It is a common misconception that only bulls at multi-vendor sales are grain fed when in fact most bulls in on-property sales have had the same treatment. Best practice for bull producers would be to wean bulls off the ration before sale day but this may not always be the case. Perhaps the best approach for a purchaser is to find out from the vendor the types of feed the bull was on prior to sale. Armed with this knowledge and recognizing the impacts of stress on fermentation and appetite, reintroduce this feed stuff quickly with plenty of hay after sale and then slowly decrease dependence on the ration over the ensuing weeks.
A check list of best practice approaches off the truck after sale would be:
- Introduce hay and water immediately
- Introduce stress related preventative approaches e.g. ELMS Travel & Yard Pellet or Prime Mover liquid for the two days immediately post arrival
- If the bull breeder has not weaned the bull off the ration on sale day, introduce the original ration (building up over several days). Ensure the chemical compounds in the ration actually do a decent job in managing pH (i.e. buffer). Don’t rely on what the feed companies say, have it checked out with someone who knows or simply add ELMS Cattle Intensive at 3% of the ration. Slowly decrease the dependence on this ration over 3 weeks, as the alternate feed source is introduced (e.g. paddock feed)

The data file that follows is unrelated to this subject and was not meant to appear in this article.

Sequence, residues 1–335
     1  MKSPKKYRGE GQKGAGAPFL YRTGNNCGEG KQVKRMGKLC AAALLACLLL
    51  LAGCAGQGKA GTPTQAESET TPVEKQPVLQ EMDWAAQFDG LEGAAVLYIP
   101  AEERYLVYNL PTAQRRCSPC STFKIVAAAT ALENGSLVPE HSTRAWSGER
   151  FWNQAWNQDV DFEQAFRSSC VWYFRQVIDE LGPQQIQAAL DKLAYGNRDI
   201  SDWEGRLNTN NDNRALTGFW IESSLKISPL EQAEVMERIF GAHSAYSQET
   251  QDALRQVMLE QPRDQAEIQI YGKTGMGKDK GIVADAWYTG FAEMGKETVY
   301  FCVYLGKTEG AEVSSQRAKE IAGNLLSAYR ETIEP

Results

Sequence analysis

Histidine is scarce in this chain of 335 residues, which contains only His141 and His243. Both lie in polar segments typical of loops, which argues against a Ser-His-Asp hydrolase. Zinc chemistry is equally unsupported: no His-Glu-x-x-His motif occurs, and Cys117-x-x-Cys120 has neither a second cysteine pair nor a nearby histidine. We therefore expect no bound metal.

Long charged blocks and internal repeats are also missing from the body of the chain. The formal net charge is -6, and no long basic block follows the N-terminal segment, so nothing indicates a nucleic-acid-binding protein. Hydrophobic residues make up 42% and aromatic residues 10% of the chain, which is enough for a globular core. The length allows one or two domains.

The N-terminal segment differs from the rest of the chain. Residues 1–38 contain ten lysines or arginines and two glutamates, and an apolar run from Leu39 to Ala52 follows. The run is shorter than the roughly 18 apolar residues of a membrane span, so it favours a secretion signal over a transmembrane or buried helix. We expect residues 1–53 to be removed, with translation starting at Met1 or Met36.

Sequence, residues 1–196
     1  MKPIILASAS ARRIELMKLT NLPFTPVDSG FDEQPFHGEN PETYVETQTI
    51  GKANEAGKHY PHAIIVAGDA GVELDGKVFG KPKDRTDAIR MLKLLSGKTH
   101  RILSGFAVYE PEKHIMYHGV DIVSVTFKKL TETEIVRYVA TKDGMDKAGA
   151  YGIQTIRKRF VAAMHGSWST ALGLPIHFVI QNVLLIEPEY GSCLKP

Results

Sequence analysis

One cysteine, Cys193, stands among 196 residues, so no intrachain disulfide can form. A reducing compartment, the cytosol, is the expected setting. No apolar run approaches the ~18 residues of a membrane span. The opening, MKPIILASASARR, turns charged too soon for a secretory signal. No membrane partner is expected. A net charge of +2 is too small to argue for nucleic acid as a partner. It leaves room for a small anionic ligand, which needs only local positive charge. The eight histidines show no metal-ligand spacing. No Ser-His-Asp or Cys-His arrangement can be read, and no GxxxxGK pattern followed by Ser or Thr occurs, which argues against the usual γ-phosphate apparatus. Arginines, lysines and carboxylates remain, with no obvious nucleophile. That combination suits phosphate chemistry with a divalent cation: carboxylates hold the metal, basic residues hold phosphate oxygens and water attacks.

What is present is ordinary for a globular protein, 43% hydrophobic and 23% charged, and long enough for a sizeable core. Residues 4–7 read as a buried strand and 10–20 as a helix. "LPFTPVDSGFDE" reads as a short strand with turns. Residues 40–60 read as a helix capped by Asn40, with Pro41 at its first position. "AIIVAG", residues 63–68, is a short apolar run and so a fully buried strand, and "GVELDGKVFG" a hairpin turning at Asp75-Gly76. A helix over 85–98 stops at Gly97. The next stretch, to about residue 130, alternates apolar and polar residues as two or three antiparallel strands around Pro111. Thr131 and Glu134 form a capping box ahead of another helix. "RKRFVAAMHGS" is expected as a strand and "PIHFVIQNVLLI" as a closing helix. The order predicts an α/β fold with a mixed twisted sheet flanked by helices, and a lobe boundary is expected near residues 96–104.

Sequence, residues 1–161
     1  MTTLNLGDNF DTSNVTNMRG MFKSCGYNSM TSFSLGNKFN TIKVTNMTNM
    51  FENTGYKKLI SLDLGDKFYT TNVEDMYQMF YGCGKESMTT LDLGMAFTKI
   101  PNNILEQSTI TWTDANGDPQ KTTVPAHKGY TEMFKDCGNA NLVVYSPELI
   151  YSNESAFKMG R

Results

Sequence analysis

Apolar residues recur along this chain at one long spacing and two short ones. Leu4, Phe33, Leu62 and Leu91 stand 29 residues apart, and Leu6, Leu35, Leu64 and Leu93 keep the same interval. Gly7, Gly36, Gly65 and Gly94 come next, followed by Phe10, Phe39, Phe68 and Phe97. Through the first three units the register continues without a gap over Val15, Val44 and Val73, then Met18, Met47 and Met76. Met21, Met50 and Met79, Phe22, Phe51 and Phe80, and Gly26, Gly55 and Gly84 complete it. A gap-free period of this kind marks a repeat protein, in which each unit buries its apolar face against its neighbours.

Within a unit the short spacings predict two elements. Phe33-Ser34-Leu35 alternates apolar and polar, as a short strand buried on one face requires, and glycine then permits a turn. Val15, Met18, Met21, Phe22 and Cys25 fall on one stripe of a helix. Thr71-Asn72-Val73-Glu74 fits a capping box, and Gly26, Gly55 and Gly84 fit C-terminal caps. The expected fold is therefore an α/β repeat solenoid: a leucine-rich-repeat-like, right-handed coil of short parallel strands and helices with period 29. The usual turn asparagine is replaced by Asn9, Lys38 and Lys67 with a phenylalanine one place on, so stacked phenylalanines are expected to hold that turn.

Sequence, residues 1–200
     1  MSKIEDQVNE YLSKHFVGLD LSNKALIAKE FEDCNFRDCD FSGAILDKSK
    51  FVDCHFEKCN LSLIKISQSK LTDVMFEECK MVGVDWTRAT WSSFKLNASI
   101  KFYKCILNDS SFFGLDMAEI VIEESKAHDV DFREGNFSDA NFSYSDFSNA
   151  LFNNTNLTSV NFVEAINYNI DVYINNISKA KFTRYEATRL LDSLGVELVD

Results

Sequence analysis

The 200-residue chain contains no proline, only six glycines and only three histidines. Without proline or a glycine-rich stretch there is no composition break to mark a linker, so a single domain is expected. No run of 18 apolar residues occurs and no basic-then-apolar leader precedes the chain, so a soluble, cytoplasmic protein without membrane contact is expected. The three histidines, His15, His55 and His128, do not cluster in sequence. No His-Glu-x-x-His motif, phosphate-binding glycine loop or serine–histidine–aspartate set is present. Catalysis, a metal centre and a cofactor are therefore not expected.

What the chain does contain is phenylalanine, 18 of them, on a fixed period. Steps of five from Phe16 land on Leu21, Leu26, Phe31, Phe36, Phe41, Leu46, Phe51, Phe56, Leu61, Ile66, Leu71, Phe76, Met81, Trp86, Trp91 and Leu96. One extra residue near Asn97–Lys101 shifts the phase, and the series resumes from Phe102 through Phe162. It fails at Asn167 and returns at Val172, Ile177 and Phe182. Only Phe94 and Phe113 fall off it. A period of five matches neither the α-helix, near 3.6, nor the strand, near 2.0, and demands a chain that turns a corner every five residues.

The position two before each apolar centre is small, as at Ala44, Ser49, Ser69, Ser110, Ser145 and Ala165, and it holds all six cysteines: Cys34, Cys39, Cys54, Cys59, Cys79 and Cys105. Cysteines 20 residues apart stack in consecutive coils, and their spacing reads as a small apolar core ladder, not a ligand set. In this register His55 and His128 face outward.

- If the vendor has not already done so, inject bulls with all the necessary vitamins and vaccines required. This would include Vitamin ADE (Vitamin A has a huge impact on libido and sperm viability), Vitamin B12, and clostridial and reproductive disease vaccines (e.g. pestivirus, vibriosis and lepto/clostidial e.g. 7in1)
- Treat bulls for external and internal (including fluke and roundworm) parasites
- Perform a reproductive soundness examination
(Note: Several of the treatments or procedures listed above may or may not be completely necessary for some bulls. The best approach would be to ask the opinion of a local cattle veterinarian familiar with your herd)
How long do I need to grain feed my working bulls before joining for optimal performance?
Ideally a preparation period of 2 months before joining is best practice. The production of sperm from juvenile stage to mature form will take this long, so planning ahead can often make the difference between good and bad conception rates. It also means paying attention to the plane of nutrition (energy, protein, and fibre) and limiting exposure to unnecessary stress. If pasture availability is limited, then do not hesitate to commence a supplementation program in addition to the necessary vitamins and vaccines mentioned above.
A special case: Grain assist on green feed
Some of the most powerful results from grain feeding come when it is combined with green feed. The combination of green feed and grain assist (e.g. supplementing with 1 to 2 kg/head/day of a grain such as cracked barley or a starch based pellet) improves feed conversion efficiency to a level comparable to feeding 5 times as much grain or more on its own.
Rather than being considered a ‘taboo’, grain feeding in preparing bulls for joining is a powerful tool in aiding the achievement of maximum individual and reproductive performance. Like all power tools however, the person using it should know how it works, and it should be used as per the instructions. In the right hands it can have stunning, beneficial results, and in the wrong ones leave a path of destruction.